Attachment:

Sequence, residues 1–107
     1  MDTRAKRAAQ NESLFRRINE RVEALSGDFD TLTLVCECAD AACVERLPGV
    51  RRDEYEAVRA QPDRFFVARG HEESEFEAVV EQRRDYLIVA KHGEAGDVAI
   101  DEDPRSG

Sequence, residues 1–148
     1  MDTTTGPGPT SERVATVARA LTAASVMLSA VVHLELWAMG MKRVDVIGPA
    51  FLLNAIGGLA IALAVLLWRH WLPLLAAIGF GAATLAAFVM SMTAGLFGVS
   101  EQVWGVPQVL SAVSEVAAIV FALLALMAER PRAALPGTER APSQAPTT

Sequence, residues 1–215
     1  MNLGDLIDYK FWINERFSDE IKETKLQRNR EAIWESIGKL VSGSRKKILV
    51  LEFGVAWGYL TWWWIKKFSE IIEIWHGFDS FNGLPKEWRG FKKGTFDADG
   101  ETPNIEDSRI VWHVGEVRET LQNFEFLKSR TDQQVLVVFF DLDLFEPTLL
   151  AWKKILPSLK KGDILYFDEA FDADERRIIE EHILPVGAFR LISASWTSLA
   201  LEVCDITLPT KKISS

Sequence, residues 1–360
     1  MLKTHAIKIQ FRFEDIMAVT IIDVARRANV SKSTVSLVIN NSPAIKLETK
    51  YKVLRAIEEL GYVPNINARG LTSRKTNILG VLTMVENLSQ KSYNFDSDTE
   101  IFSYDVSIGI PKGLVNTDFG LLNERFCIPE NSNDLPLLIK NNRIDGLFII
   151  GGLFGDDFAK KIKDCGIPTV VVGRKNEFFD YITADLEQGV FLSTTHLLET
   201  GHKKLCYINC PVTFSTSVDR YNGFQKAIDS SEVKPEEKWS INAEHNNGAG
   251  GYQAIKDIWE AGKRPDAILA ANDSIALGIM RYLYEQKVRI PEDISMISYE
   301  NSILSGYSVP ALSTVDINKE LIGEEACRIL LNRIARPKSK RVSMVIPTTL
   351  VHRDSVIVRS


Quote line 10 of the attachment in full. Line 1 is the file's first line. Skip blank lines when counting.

     1  MNLGDLIDYK FWINERFSDE IKETKLQRNR EAIWESIGKL VSGSRKKILV